AUTHORITIES are hoping for a fairytale ending to the story of Sambo, the violent bull elephant that has wreaked havoc on villagers in Kampong Speu province over the past two weeks, who will be taken to Phnom Tamao Zoo and possibly paired with a fiery female companion.
Sambo, who is about 50 years old, killed his owner on December 3 and ran amok, chasing locals and destroying their crops in Mon village, until he was tranquilised and restrained on Wednesday night.
Cheng Kimsun, director of the Forestry Administration, said yesterday that the aggressive elephant would be sent for “re-education” at Phnom Tamao Zoo in Takeo province in about a week.
He said the Forestry Administration decided yesterday that Sambo would not be killed, even if he were to turn violent again.
“According to our animal experts, Sambo has almost human-like senses,” he said.
“He can understand people’s behaviours and their activities. The reason why he became so cruel was because he was tortured by his owner and was also violated and disturbed by people.”
He said officials hoped that conditions at the zoo would help rehabilitate the elephant.
“Sambo is not crazy but he has lived a very stressful life because he had been mistreated for so many years,” he said.
“He was chained down, he could not go anywhere and he also had no wife – he needs his freedom.”
Nhek Ratanapich, the director of Phnom Tamao Zoo, said Sambo’s new living place would possibly be situated near a 45-year-old female elephant named Srey Pao, who he said is similarly aggressive.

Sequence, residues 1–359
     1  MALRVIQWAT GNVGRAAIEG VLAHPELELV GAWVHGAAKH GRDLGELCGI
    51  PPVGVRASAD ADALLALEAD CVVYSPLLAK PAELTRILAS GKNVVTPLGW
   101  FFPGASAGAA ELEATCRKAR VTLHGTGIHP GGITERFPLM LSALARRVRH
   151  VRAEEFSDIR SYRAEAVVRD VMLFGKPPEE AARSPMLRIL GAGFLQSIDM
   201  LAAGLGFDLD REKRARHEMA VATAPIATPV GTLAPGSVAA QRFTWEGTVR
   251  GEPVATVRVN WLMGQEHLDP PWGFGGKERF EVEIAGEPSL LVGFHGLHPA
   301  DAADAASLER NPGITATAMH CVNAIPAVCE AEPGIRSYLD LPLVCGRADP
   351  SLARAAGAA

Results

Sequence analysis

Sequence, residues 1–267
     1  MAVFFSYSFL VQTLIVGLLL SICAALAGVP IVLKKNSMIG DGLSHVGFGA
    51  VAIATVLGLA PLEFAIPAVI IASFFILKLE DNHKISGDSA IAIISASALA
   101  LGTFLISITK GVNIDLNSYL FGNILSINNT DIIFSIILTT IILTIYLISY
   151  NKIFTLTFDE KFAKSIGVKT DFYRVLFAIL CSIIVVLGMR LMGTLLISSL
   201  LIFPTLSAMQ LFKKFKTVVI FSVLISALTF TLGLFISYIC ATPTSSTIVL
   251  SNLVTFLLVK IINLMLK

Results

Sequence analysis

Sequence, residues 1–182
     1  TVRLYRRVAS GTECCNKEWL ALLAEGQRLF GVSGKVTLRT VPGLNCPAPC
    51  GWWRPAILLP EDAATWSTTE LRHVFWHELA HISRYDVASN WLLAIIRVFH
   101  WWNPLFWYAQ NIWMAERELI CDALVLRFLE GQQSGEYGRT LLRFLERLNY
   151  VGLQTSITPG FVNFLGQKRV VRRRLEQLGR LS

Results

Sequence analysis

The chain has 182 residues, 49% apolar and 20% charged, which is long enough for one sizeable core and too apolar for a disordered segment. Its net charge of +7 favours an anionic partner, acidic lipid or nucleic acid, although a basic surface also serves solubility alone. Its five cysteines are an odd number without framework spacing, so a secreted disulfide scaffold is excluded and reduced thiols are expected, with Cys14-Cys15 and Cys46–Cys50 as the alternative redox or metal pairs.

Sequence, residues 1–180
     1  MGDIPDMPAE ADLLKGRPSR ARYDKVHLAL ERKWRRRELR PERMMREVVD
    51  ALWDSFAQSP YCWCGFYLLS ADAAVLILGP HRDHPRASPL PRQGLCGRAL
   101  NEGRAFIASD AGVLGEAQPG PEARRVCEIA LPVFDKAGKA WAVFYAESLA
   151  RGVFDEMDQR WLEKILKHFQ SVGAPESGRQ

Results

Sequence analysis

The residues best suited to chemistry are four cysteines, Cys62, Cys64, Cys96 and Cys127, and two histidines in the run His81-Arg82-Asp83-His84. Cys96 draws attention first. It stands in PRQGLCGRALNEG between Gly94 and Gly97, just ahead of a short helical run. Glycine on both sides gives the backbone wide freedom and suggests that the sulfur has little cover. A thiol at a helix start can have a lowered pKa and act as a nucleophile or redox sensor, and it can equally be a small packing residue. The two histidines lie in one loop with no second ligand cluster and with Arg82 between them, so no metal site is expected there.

“We want to put Sambo together with Srey Pao in our zoo but we are afraid that they will not like each other because they didn’t know each other before,” he said.
“So now we are thinking that first we will just put Sambo in an enclosure nearby Srey Pao, and after they get to know each other well enough we will marry them and put them together in their own enclosure.”
He said he hoped the company would help to calm Sambo.
“I hope that after Sambo stays with Srey Pao he will be happy, his stress will be released and his mental condition will improve in the future, and finally, he can be a nice elephant again,” he said.
Experts agreed yesterday that it would be wise to wait before making any attempts to intergrate Sambo with other elephants.
Jack Highwood, of the Elephants Livelihood Initiative Environment, said Sambo was not ready for company.
“I think that while it is very important the FA gives Sambo a proper welcome to Phnom Tamao Zoo, I think he needs time to calm down and the staff there needs to study him further,” he said.
“Integrating him with other elephants is very important, but from what I have observed from this elephant, putting him in contact with other elephants is not advised at the moment – but is certainly possible in the future.”
Nick Marx, wildlife rescue director at international conservation group Wildlife Alliance, said that mating elephants is a step-by-step process.
“We have some wonderful elephants for him to mate with but we can’t say whether or not we will integrate him,” he said.
“He’s been well behaved for the better part of his life and we will have to wait and see if he reverts back to that gentler part of his life.”
He also noted that it was important to consider the interests of Sambo’s potential mates.
“This is a huge elephant and the girls aren’t as big – he could do great damage to them and we wouldn’t want to compromise them,” he said.
He added: “Of course, baby elephants would be wonderful and even though it’s too far in the future, it’s what we all hope for secretly.”